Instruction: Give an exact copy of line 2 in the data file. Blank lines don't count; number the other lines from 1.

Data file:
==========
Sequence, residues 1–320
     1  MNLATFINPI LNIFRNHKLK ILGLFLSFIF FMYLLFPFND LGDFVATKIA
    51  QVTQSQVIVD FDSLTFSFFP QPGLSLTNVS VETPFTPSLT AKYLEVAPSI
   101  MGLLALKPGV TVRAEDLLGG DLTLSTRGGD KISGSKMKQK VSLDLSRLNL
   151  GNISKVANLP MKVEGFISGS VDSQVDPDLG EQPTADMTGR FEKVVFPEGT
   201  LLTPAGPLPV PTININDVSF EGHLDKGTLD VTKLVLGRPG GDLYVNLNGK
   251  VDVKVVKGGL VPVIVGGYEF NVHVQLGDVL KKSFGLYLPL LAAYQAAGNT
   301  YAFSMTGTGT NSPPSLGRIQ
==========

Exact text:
     1  MNLATFINPI LNIFRNHKLK ILGLFLSFIF FMYLLFPFND LGDFVATKIA